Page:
Nobel Prize for Obama Deserved? Yes!
By Ron Walters
When the world woke up on Friday October 10 it was surprised that Barack Obama had won the Nobel Prize.
But surprise should not have been a cause for derision. Instead, it should have been a cause for national pride, but right away, many in the media raised questions about whether it was deserved since he had been in office so few months that he had accomplished nothing and Republicans like Michael Steele dismissed it "meaningless."
I agree with those who believe that the Nobel Committee's action was "aspirational" in the sense that it wanted Obama to continue the course that he had set. But I also think they had concluded that in setting a different and positive course for America that he also exercised the kind of outstanding leadership for the global system that merited the award.
He had, in fact, turned the corner on the approach of George Bush to the international system by announcing to the world in Berlin that the United States would renew its collaboration with nations to resolve important problems, rather than rattle our sabers and go it alone. He followed up by adopting a common approach in dealing with Iran's nuclear capability.
The surprising result is that Iran has agreed to six-party talks in Geneva and given Russia the right to enrich its uranium. Obama's message to the Islamic world was that America sees them as friends and allies rather than enemies and that it would join them in any venture for peace of they would open their hand in friendship rather than the hand of jihad.
Then he followed it up by adopting a negotiating framework with Iran to address its nuclear capability and re-starting the dialogue between Israel and the Palestinians that was dropped by Bush until the last minutes of his time in office. Obama, announced in Prague that the United States policy would work toward the elimination of nuclear weapons in April of this year and followed up in September by proposing a resolution that was adopted by the UN Security Council and by beginning negotiations with Russia to reduce nuclear stockpiles.
He also eliminated the defensive nuclear shield in Eastern Europe which won him instant credibility with the Russians and their assistance in dealing with Iran's nuclear capability. Obama, far different from the Bush administration, took the position that climate change was an urgent priority and that it could not be resolved by the U. S. alone.
So he followed up by reaching out to China and other countries that have recently industrialized and folded this priority into his own domestic policy to create a green revolution and manage energy differently. In his own country, Obama has continued to manage the actions begun by the Bush administration that have resulted in moving the American financial system back from the brink of disaster and toward solvency again. His actions have not affected a total recovery, but Obama should be given enormous credit for trying to stabilize the banking system, affecting a Stimulus Package to prop up areas of the economy and start job creation, stabilize the auto industry and obtain universal health care coverage, pull out of Iraq, reject torture and etc. Instead, here his actions have received persistent criticism at every turn.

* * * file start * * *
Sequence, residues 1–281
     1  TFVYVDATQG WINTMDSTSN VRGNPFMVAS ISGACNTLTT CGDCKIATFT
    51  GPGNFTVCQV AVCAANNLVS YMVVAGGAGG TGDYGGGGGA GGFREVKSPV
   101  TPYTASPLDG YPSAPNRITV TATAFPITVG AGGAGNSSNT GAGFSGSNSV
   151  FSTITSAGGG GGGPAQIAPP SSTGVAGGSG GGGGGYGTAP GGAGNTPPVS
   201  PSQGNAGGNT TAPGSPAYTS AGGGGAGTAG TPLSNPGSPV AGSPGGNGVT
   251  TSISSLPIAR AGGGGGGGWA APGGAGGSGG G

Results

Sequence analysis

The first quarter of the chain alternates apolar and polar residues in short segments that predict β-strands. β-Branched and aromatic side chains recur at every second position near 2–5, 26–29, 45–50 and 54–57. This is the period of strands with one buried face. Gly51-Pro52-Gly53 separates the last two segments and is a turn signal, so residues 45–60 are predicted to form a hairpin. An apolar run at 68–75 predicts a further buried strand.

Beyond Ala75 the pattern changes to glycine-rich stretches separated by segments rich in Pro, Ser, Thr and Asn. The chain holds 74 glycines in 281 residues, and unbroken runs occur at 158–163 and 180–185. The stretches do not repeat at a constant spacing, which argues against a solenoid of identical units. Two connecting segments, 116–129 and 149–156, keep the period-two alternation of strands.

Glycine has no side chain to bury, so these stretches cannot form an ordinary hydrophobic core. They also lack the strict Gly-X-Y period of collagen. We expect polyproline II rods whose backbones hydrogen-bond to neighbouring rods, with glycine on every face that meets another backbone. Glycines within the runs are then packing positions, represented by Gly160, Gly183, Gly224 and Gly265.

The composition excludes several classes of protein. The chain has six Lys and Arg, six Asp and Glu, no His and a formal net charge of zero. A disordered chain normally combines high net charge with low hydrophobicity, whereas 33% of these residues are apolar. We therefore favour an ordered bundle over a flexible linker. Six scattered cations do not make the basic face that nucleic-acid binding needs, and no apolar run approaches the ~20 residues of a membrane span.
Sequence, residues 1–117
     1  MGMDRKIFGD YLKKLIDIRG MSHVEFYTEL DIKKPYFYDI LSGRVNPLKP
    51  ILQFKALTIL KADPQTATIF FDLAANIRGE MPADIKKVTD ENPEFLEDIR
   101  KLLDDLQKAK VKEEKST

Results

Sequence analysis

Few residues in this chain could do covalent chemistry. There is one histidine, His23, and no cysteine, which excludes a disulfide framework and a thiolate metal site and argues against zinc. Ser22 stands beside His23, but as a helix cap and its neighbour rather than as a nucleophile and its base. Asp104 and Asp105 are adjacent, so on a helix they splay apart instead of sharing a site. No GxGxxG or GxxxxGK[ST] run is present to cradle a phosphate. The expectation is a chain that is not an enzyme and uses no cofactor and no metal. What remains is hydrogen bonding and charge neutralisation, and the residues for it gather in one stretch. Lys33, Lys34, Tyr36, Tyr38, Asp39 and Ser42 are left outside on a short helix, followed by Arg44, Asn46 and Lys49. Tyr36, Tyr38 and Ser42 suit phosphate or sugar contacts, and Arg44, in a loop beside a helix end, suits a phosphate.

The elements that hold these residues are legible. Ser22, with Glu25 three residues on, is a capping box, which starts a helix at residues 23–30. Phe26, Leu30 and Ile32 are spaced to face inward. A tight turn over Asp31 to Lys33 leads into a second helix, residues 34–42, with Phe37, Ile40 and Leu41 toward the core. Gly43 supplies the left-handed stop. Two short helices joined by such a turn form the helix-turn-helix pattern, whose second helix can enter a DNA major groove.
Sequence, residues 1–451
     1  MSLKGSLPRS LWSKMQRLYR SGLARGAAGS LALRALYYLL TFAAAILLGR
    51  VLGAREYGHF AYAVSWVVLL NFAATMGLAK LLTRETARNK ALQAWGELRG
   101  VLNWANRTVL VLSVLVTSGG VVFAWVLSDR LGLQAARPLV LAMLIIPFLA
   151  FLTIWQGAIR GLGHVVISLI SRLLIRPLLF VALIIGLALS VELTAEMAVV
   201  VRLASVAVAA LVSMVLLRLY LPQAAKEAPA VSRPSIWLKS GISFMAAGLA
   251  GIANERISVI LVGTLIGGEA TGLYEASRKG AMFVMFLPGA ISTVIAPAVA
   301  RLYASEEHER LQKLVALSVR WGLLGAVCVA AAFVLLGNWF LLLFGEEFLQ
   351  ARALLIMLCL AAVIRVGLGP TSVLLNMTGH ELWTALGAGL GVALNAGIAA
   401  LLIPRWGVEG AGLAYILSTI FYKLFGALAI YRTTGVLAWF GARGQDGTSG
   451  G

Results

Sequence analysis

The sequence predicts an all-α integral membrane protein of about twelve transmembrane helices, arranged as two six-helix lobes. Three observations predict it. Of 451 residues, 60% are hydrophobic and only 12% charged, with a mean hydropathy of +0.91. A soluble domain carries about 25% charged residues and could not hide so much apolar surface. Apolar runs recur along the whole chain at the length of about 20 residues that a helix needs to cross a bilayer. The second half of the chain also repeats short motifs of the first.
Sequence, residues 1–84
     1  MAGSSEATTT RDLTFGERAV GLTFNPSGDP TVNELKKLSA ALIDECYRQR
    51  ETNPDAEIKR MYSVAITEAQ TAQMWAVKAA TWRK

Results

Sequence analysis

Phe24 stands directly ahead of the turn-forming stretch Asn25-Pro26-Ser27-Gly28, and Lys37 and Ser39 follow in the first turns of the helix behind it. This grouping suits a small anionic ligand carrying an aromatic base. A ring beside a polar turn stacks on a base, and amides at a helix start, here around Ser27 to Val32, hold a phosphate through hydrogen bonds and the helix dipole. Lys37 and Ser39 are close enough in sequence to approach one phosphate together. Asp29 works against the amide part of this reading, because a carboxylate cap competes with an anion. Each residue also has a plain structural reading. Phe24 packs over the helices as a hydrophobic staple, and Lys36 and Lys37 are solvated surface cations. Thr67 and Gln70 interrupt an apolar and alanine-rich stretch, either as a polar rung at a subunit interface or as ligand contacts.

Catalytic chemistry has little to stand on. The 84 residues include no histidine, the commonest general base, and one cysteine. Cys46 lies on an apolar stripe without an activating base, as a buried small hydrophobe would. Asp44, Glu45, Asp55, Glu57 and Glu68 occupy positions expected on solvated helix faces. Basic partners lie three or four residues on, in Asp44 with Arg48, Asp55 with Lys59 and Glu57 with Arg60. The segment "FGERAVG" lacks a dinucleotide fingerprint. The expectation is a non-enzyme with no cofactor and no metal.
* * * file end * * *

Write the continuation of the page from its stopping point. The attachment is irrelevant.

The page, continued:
So, in nine months he has not only given some great speeches, but done some good things to back them up. Fundamentally what we are witnessing is the difference of opinion between American elites and Europeans who harbor a profound dislike for the fact that George Bush ruthlessly violated the common standards of democracy shared by his allies and aspired to by other states in the global system.
For many Americans this is a sign that there is some serious hang-over from the Bush years. I keep reminding my readers not to forget that 57 percent of Whites voted for John McCain which means that an awful lot of them were wedded to Bush politics and now feel some resentment that the international community has repudiated them so soundly by rewarding Barack Obama for changing course.
For the many Blacks who support Obama, but also appeared surprised about Obama's Nobel Prize, not to understand the basis of the Nobel Committee's decision is a sign that they may have been so mired in the crises that face America they have not paid much attention to the genuinely pro-American attitudes that Barack Obama has re-kindled in Europe and around the world.
So, why not join the Nobel Committee in saying "well done" so far, even as we push the President to do better?
Dr. Ron Walters is Professor Emeritus of Government and Politics at the University of Maryland College Park. His latest book is: The Price of Racial Reconciliation (University of Michigan Press).